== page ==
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Jarrid Houston column: We're heading into the waning, sometimes wonderful last weeks of winter fishing

Stop by and visit at the Duluth Sport Show this week.

Jarrid Houston
Jarrid Houston

DULUTH — My goodness, winter is flying by. It’s crazy to think that the regular inland lake game fish season is heading to a close in a couple weeks — Feb. 27 for inland Minnesota waters and March 6 in Wisconsin inland waters. If you have your heart set on late season, last chance fishing, better make plans to get out soon, although Minnesota/Ontario border waters are open into April.

According to the forecast, things should mostly be stable weather-wise, so fish should be more on the cooperative side. Conditions for ice travel continue to be good on most bodies of water. Usually, we are able to drive a truck onto inland lakes well into March. As we stand, snow has not been much of an issue, but any Northlander will agree that can change as we climb into March. As far as the bite goes, we are starting to see more and more changes. On a typical year, we can be into a good last chance walleye/pike bite right before the season closes. I am hoping this year is no different.

We have one more weekend of Sports Show commitments, this time the Duluth Sport Show that runs Thursday through Sunday. If you can, stop down and see us and maybe attend a seminar presented by either myself or one of the other great fishing pros we team up with. Check out duluthsportshow.com for more information. One thing is for sure, once this weekend is complete, it will be game on for a strong finish with late ice bites.

Here’s this week’s report:

Lake Superior angling on the Wisconsin side continues to be the talk of the town and arguably one of the most sought after ice fishing areas in the country.

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Ice conditions are for the most part stable, especially in the Chequamegon Bay areas near Ashland. Pike, bass and perch have been coming topside when targeting depths of around 20 feet of water. Don't be surprised to run into an occasional sturgeon roaming around as they are getting more active this time of year. Live bait jigged with spoons is the best bet, but as always, don't abandon your set lines.

In the areas farther up the Bayfield Peninsula and into the Apostle Islands, anglers are chasing lake trout and whitefish. These waters are most definitely on the more dangerous end, more exposed to winds and changing conditions, so you should take your time making sure to constantly check ice conditions. Last weekend we saw a big blow with strong winds that moved around some ice, so be careful. The bite has been fair to good depending on location and the day, but it still pays to fish away from crowds and avoid any noise pollution. Yes, even Lake Superior fish can spook easily.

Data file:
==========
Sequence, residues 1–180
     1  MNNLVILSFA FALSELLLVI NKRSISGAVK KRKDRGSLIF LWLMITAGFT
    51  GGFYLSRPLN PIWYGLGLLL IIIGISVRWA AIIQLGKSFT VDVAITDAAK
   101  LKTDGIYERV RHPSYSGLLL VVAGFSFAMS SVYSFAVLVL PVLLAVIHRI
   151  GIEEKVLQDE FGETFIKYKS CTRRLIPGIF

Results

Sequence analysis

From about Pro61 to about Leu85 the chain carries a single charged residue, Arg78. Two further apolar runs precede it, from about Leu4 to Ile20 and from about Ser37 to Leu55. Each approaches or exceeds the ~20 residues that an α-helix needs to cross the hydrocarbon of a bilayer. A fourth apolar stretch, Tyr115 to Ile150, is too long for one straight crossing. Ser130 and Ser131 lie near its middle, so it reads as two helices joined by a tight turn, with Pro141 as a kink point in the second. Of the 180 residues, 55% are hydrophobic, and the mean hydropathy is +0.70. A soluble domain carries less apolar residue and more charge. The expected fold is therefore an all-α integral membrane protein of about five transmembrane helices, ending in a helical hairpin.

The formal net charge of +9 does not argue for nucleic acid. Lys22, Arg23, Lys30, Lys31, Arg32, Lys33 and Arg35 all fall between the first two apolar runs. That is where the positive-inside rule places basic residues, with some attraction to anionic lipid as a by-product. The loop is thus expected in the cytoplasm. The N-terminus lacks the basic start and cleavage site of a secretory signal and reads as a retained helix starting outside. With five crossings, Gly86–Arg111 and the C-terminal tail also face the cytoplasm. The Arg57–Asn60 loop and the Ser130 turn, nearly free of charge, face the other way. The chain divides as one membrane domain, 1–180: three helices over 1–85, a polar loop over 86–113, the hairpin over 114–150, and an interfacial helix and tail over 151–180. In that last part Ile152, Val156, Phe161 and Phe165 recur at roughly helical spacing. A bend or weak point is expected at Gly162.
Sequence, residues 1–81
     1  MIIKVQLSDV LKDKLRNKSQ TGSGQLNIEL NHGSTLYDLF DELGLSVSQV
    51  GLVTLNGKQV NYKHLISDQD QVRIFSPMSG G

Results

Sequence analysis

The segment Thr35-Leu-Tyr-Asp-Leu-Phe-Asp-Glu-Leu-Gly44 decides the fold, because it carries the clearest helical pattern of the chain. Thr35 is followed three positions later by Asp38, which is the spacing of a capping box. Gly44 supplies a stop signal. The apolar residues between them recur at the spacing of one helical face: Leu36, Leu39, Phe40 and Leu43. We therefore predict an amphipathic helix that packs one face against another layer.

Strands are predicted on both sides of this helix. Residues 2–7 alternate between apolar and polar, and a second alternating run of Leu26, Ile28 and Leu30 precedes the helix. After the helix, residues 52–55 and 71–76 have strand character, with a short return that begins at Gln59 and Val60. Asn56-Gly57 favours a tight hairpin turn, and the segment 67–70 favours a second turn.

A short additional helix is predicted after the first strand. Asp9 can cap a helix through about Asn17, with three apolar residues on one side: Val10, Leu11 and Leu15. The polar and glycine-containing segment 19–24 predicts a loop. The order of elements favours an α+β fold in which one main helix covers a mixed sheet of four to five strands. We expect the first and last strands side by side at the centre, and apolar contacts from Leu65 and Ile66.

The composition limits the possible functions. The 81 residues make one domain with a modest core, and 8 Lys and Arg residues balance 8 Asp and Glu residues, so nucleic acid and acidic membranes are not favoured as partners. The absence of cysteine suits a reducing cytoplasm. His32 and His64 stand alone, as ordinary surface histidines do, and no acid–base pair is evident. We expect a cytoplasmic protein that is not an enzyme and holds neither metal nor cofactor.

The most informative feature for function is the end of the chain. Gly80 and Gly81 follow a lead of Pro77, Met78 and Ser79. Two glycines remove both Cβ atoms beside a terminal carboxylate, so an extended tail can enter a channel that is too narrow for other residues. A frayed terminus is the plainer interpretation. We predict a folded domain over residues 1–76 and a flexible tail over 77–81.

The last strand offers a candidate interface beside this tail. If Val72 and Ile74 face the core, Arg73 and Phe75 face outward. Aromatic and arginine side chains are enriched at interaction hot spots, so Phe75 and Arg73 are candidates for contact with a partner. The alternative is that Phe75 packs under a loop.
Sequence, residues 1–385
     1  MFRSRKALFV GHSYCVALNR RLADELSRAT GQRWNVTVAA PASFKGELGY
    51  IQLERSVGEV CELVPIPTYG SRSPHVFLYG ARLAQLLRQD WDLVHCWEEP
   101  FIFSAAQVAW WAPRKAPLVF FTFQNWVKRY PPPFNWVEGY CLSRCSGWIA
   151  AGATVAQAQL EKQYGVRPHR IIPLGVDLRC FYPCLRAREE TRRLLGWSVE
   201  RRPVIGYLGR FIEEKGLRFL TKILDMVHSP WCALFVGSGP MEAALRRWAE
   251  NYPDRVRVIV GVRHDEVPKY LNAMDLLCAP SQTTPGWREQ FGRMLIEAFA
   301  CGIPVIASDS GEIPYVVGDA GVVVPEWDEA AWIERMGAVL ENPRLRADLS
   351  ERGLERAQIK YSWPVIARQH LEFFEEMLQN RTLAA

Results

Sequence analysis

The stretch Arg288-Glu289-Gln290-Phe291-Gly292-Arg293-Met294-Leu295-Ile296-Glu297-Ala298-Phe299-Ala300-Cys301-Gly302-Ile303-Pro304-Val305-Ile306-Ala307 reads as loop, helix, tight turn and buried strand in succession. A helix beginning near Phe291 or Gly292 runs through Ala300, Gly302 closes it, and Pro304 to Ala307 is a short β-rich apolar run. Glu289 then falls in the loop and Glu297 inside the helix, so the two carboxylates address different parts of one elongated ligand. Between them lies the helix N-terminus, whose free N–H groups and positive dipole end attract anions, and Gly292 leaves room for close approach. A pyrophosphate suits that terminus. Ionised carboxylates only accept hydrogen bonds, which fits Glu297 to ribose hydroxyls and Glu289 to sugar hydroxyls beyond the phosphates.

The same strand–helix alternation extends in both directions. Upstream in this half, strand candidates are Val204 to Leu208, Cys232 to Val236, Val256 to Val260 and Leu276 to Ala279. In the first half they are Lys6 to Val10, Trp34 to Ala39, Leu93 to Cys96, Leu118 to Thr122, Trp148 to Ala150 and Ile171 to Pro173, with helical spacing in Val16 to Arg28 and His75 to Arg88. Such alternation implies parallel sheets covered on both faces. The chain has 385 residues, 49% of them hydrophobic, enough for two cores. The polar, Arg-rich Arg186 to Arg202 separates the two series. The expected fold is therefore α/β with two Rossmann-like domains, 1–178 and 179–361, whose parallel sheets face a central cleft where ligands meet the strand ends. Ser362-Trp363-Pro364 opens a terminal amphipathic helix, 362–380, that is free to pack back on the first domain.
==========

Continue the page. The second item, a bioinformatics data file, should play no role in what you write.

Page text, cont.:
The bite on the St. Louis River estuary continues to pick up. Most of the walleyes have been on the smaller side. But this time of year it is not uncommon to start to see some bigger females coming into the system to put on a feed bag before staging for spring spawn. We highly encourage any St. Louis River anglers to release prime-sized spawning fish this time of year for obvious reasons. We don't have the numbers of walleye in our system like Lake of the Woods or Green Bay. We are of the opinion that eater-sized fish you keep should be in the size structure of 15-17 inches. Let the big ones go. Best bite continues to be in the morning and late afternoon peaks, using spoons tipped with a minnow head. I still love the Northland glo-shot fire belly in the color of red. For back-bay panfish anglers, fishing has been very hit and miss, but it pays to drill out new areas and be patient with small tungsten and soft plastics.

Inland lakes also have had a bit of an uptick for fishing success with lots of biological commotion happening in soft substrate or mud bottoms. Panfish have started to drift off into deeper basins and have started to roam around eating mud bug hatches. You can still get good fish in weeds, but it is important to try and fish areas that have seen less fishing pressure. Pike and bass can still be had utilizing typical setline tactics with either a golden shiner or a mid-sized sucker minnow. On some bigger lakes, pike have started to dig up mud in search of frogs and other marine type food. This time of year can be a hoot setting up tip-ups and chasing flags. Don't be surprised to see the occasional walleye in similar areas. However, if walleyes are what you are after, I would start to seek out areas that hold spring spawning grounds. Tough to beat a Clam Tika Minnow jigged aggressively in said areas. This will capture the interest of all fish, guaranteed. Lastly, and again, stop by our Houston Guide Service booth or catch me in the RJs Sport and Cycle booth with my Lund Boats teammates. We love to talk about fishing!

Jarrid Houston of South Range is a fishing guide ( houstonsguideservice.com ) on Minnesota and Wisconsin inland waters, the St. Louis River and, in winter, on Lake Superior.

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